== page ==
“One half of knowing what you want is knowing what you must give up before you get it.” Sidney Howard
Time management strategies for achieving goals require you to make lots of time choices, some of them quite difficult. You must also develop good, substantial time boundaries.
To strengthen your resolve, picture your day as a basket. The basket represents the time that you have to work with for the next 24 hours. Each thing that you put into the basket, obviously, takes up space. This limits what you can include.
You probably have a basket that is full, if not overflowing right now! What that means in practical terms is that in order to add something new, you need to take something out to make space for it. This can be a very difficult choice; by making it consciously, you give yourself a great gift.
Otherwise, your basket will overflow. Because time is concrete and absolute, there is no way around this.
Think for a minute. What has been falling out of your overflowing basket? How does this, in turn, add to your stress level? When faced with too many tasks and priorities to juggle, you may begin to forget things and drop the ball on commitments. Your effectiveness and efficiency decrease, even as your stress skyrockets.
So, monitoring your stress level and effectiveness daily is an excellent way to determine whether it’s time to reassess and simplify your commitments. Few rewards compensate for daily, exhausting stress.
If your basket is overflowing because you are attempting to control more than you can manage, and your stress mounts as you try to squeeze in plans for an “ideal” personal event, consider 5 findings of psychologist and author Daniel Gilbert, as mentioned in his 2007 book, Stumbling on Happiness:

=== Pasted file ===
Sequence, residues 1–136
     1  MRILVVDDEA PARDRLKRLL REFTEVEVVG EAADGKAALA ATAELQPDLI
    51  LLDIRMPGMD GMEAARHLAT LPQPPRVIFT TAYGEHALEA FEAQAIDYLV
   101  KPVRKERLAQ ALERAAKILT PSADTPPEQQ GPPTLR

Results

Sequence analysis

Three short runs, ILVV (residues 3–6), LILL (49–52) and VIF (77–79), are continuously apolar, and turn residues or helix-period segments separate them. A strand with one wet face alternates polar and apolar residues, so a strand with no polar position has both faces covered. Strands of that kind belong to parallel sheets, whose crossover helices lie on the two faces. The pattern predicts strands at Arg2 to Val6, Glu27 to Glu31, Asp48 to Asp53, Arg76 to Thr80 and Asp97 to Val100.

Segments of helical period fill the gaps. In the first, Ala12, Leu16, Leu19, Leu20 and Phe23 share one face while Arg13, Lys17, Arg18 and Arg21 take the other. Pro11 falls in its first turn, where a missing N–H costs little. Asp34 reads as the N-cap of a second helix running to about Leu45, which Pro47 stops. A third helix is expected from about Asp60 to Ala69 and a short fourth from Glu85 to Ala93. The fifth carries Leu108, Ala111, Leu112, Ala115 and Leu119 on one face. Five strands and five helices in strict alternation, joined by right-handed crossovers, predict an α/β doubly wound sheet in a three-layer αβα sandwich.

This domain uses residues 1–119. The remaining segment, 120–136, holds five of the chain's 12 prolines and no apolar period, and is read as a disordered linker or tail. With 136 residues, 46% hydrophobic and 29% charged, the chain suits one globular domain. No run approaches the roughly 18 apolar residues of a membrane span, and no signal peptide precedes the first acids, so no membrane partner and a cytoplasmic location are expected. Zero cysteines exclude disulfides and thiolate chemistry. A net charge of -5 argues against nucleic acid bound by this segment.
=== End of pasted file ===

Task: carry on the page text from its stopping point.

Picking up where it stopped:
- People frequently overestimate the long-term emotional effects that certain events will have on them.
- By and large, people tend to possess a “set point” of happiness, to which they revert, eventually.
- People are notoriously inaccurate in guessing what will make them happy.
- Dreaded events and outcomes may, once they materialize, prove to be fresh opportunities for happiness.
- Happiness is rarely the peak experience we anticipate, and rarely lasts as long as we think it will.
Mistaken expectations apply to unhappiness, as well. In other words, the stakes are rarely what people imagine. Better by far to reduce the contents of your basket to a manageable amount, and to appreciate the moment, instead of attempting to micro-manage an unknowable future!
By modifying unrealistic expectations and cultivating gratitude, you give yourself two gifts. You clear out your basket more easily and fully appreciate your present moment, where the heart of time resides. How can you translate these insights into rewarding activities while planning your time choices?© Copyright 2009 Paula Eder, Ph.D.